You are probably aware that Texas in 2015 modified the default public high school curriculum. Most controversially, the second course of algebra was made optional—that is, not included automatically in the degree plan of all high schoolers. The idea is to steer young students into pathways that lead to more success, not only in coursework, but also consistent with early career preferences, however tentative.
We are doing the same sort of thing at the collegiate level. Some students now satisfy degree requirements in certain fields by taking statistics in place of algebra, for instance.
The new college course offerings are not intended, sponsors maintain, to be less rigorous. Those of us who struggled through statistics courses can attest that they can be intensely difficult, in addition to being more “practical” later, to those not employed in scientific and technical occupations. Think of an average consumer trying to make sense of the published health risks of new drugs. It helps to know what a correlation is, and what it is not.
Some mathematics instructors, however, continue to believe sincerely that reducing the number of high school students in advanced algebra (and hence calculus later) is detrimental to the students’ subsequent success in any field. Whatever one’s views on the subject, you might want to take a look at this article from the respected Hechinger Report, by Sarah Butrymowicz, called “Why Placing Students in Difficult High School Classes May Increase College Enrollment.”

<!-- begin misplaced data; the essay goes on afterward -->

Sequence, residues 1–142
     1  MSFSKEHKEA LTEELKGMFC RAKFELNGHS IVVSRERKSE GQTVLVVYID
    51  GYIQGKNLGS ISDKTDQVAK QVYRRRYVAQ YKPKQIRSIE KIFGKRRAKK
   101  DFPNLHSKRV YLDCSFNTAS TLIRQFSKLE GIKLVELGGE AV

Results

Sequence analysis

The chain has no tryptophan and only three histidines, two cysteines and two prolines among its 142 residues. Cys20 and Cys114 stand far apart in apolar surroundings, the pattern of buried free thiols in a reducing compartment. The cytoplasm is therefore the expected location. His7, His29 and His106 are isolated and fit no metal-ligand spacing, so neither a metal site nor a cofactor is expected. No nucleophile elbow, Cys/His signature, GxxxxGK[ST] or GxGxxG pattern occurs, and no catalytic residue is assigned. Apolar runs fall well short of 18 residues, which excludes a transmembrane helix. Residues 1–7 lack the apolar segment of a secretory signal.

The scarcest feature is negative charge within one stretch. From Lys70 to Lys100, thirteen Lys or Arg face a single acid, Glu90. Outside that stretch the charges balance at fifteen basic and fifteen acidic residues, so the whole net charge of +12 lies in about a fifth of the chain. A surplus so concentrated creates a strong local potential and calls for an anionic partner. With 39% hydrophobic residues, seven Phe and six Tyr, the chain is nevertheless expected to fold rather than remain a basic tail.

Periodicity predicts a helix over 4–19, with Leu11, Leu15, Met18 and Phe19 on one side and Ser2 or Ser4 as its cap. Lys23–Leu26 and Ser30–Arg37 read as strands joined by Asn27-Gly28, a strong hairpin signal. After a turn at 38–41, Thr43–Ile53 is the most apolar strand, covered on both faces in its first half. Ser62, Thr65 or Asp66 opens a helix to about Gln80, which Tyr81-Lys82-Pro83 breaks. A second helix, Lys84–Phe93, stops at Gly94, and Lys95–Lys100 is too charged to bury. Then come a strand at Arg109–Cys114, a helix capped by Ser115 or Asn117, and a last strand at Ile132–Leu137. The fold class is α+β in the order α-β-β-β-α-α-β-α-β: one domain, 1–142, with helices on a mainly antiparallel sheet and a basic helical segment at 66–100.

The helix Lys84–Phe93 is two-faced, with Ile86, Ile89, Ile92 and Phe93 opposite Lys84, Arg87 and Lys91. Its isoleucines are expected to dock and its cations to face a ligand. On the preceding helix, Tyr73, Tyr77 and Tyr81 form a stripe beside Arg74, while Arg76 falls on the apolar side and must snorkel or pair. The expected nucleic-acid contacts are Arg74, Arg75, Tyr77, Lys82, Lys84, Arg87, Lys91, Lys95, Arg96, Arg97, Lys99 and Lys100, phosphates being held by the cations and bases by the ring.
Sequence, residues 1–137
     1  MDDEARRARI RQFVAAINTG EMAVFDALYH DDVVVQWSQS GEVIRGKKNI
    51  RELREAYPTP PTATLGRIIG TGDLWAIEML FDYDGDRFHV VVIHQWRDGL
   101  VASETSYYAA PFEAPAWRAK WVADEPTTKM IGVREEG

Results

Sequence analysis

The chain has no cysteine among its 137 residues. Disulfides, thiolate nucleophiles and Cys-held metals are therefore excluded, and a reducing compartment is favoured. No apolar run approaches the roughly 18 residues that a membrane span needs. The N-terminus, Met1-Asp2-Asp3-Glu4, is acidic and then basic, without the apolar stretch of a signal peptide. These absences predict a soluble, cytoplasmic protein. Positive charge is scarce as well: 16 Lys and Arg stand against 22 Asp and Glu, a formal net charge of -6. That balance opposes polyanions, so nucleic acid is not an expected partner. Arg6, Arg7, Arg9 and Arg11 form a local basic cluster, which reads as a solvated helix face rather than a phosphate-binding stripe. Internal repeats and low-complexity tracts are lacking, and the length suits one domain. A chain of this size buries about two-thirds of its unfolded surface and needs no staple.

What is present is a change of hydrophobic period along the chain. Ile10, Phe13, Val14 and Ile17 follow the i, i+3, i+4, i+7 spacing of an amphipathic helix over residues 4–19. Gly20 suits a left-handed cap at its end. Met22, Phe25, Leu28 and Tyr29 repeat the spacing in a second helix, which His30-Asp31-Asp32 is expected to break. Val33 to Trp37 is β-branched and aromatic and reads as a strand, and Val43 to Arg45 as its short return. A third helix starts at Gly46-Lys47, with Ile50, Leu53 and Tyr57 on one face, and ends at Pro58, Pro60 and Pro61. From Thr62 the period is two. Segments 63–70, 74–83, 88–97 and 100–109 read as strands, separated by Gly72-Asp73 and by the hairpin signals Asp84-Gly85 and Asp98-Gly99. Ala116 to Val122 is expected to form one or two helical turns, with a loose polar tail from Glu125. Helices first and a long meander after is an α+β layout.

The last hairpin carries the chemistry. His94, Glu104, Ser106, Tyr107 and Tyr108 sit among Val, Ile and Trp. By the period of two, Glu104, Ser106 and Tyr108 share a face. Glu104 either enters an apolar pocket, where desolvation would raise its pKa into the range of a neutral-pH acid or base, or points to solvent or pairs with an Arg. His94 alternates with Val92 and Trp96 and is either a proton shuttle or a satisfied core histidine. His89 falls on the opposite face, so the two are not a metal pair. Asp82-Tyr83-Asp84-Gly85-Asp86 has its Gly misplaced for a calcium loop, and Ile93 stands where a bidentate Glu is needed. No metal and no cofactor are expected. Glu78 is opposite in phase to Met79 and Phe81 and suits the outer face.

Some of the article concerns Advanced Placement classes and other strategies that may not always apply to community college students. (Most successful AP students enroll later at selective institutions and, as the article points out, tend to come from families with higher incomes and educational levels.)
But the important takeaway from the Hechinger piece is that difficult challenges for students are more likely to result in subsequent success, especially for those in at-risk categories. A high school in Spokane is profiled in the article.
Young individuals without firm guidance often gravitate to the path of least resistance. In formulating public policy, we shouldn’t become enablers in this process. The whole point about rigor is not merely the content of the course, but the intellectual discipline it engenders, the so-called “habits of the mind.”